The 145th Kentucky Derby ended in wildly controversial fashion, with Maximum Security suffering a disqualification that allowed Country House to become the victor. In the hours since the race ended, many opinions have been shared on the validity of what transpired, with some bringing out the pitchforks aimed toward the decision-makers, and others supporting what was certainly a difficult (and bold) final choice. However, there was a different angle on the proceedings and, as you may expect with horse racing, it stemmed with the betting market.
ESPN’s David Purdum brings word that the decision “cost bettors who backed Maximum Security to win, place or show approximately $9 million,” and that reflects only data stemming from TwinSpires.com. It would be difficult (read: impossible) to gather the actual monetary impact, given all of the illegal sports betting that occurs surrounding the Kentucky Derby and other major sporting events, but even at “just” $9 million, that is a staggering change in monetary fortune.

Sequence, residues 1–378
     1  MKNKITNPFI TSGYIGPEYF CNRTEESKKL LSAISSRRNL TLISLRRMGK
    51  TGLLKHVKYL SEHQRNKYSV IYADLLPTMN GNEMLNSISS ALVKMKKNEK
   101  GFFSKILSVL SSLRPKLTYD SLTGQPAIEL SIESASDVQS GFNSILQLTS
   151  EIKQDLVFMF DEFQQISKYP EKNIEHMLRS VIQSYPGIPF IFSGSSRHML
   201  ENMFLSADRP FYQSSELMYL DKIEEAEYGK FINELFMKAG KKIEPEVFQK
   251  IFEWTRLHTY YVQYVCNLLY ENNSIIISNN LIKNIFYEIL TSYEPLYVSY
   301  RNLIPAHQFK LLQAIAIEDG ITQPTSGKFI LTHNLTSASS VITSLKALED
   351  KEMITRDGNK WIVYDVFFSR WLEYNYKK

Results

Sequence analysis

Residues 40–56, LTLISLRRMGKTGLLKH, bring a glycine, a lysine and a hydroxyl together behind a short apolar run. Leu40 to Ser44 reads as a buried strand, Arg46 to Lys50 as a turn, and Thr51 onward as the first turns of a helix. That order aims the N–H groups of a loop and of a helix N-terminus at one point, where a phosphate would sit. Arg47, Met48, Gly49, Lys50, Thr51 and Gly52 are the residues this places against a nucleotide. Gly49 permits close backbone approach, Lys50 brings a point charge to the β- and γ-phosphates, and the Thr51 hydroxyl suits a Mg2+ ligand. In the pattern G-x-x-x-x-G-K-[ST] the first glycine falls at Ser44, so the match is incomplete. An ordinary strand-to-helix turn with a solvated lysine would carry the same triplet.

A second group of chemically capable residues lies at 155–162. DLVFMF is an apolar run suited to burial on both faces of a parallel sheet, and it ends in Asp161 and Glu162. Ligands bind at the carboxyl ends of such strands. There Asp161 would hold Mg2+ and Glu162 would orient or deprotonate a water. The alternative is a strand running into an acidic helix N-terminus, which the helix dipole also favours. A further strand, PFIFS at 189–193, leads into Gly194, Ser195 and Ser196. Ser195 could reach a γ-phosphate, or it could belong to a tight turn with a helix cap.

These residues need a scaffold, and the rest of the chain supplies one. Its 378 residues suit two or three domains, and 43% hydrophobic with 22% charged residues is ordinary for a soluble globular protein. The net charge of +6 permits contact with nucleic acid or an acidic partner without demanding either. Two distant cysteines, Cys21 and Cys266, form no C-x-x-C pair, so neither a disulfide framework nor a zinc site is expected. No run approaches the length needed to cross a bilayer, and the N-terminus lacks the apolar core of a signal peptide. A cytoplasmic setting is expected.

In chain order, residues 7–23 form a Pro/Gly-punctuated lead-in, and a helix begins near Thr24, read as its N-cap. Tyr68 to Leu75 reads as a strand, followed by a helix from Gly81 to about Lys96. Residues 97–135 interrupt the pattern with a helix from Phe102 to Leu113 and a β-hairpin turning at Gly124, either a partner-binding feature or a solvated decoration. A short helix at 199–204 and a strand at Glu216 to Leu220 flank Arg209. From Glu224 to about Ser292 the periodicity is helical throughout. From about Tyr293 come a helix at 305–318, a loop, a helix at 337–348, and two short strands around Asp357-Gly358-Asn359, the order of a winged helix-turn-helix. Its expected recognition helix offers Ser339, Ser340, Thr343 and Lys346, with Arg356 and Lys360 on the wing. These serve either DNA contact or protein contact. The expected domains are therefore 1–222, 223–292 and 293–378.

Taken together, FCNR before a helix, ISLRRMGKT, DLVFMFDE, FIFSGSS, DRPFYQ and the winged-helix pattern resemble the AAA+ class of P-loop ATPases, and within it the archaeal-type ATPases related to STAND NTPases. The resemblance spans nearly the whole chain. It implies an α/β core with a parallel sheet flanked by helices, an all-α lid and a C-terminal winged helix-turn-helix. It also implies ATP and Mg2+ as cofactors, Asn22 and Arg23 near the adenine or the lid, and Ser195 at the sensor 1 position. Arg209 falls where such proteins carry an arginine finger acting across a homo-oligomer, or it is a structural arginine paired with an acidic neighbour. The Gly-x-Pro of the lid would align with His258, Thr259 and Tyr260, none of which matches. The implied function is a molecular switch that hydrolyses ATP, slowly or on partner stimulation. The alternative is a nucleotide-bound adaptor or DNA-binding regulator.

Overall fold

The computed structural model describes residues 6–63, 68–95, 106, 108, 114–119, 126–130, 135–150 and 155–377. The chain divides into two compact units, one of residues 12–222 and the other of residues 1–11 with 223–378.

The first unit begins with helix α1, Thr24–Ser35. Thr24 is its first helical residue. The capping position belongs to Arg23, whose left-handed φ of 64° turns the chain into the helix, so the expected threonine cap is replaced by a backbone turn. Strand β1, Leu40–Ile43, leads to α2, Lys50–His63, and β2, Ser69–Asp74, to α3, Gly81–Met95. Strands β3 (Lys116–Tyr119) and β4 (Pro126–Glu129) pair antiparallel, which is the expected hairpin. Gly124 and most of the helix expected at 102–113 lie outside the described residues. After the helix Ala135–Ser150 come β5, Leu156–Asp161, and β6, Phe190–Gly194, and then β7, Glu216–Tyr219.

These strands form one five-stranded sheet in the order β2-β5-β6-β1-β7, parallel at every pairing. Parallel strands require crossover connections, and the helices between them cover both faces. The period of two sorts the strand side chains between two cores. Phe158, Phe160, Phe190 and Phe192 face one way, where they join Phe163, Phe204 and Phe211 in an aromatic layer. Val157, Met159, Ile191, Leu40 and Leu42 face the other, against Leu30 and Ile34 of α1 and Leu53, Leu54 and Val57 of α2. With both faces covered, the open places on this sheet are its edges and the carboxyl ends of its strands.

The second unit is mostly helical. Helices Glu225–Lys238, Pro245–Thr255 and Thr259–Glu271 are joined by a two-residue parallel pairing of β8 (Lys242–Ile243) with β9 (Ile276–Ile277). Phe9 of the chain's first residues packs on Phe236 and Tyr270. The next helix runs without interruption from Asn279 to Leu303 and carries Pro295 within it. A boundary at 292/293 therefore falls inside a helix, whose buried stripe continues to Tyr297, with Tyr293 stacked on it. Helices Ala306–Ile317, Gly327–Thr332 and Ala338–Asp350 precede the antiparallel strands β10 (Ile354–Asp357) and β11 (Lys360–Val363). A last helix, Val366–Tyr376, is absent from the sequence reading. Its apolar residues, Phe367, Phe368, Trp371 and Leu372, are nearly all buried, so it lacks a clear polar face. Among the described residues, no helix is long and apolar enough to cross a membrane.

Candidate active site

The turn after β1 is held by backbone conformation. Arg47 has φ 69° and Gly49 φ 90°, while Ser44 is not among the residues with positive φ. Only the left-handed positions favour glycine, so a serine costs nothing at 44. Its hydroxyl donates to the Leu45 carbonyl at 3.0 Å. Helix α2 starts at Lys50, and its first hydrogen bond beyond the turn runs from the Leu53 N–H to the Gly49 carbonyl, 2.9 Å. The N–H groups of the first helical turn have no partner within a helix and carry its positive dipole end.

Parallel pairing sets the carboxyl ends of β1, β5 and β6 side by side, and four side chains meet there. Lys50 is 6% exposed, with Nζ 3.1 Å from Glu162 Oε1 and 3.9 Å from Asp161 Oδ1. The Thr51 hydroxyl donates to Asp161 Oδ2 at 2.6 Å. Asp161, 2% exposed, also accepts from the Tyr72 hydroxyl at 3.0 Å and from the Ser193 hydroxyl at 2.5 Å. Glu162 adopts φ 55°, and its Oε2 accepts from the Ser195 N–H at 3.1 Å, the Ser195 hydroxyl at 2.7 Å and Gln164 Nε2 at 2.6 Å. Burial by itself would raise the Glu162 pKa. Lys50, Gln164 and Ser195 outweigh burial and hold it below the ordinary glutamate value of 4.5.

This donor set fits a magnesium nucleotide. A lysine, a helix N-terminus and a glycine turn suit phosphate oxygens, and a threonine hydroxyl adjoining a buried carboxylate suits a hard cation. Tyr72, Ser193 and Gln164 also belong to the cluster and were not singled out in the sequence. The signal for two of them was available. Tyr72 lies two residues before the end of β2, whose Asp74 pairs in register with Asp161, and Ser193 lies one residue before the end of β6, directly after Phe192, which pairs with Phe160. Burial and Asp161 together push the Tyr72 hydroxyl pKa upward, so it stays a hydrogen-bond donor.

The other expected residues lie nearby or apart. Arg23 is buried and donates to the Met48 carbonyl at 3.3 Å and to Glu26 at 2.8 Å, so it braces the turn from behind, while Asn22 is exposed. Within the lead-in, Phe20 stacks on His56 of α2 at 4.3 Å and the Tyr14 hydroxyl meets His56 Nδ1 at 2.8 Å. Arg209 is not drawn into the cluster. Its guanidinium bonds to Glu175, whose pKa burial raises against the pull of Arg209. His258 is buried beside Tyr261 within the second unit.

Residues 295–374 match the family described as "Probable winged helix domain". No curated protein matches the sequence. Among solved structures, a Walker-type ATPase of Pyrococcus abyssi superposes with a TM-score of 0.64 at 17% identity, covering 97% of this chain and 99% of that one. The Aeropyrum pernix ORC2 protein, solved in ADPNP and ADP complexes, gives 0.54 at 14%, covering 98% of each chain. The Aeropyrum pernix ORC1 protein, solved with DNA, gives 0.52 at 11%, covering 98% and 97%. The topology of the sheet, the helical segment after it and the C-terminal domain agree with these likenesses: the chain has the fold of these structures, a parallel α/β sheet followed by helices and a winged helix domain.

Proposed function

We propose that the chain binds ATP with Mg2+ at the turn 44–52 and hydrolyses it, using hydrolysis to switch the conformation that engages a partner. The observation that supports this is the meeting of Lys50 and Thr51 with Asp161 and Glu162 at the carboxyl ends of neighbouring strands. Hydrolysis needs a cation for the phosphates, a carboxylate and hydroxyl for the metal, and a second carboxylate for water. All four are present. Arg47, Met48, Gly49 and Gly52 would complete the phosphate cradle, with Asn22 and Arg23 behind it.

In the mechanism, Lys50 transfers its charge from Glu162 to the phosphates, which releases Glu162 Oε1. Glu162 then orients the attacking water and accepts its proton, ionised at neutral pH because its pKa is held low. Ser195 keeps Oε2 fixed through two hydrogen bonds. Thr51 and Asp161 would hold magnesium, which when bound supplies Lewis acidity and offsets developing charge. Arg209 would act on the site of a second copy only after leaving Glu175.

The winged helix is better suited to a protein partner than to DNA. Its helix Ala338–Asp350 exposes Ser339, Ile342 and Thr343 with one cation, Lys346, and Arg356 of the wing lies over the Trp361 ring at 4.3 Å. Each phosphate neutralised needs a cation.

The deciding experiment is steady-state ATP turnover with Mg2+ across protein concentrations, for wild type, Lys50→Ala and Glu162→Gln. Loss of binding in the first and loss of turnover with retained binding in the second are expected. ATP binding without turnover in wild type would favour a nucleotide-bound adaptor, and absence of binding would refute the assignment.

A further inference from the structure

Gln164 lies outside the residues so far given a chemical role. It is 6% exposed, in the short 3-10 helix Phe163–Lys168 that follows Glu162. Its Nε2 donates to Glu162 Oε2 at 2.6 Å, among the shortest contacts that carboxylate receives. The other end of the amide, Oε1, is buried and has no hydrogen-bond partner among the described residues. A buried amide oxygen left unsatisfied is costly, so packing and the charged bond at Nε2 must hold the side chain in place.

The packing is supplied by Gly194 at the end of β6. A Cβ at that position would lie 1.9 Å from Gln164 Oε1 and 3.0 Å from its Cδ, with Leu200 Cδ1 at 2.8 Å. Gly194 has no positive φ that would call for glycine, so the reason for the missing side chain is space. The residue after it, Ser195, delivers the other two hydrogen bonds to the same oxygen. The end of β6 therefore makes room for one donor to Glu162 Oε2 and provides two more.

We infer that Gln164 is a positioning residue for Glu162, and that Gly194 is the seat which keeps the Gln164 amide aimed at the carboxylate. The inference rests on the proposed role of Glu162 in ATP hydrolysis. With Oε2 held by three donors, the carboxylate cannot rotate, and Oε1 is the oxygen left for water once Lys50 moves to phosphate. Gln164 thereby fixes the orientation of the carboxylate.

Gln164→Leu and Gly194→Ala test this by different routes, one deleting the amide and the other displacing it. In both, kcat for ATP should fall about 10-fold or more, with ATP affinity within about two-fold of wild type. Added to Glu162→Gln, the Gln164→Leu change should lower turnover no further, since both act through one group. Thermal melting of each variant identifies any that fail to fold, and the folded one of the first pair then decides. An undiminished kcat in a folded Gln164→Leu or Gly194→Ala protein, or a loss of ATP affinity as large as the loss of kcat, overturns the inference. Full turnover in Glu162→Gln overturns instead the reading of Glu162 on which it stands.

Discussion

The ESPN report also brings word that there was impact in Las Vegas, with Westgate Las Vegas SuperBook reporting a change from a “good-sized win to a good-sized loss” and the final race decision also made an impact off-shore.
While BetOnline’s official numbers are unknown, the prominent online outlet announced that all bets on Maximum Security to win would be refunded.
The full handicapping impact is hard to quantify but, considering the fact that Country House was the second-biggest long shot to ever win the Kentucky Derby, it is easy to imagine that a lot of people were very happy about the change, while others (including those on the bookmaking side) may not have been as thrilled.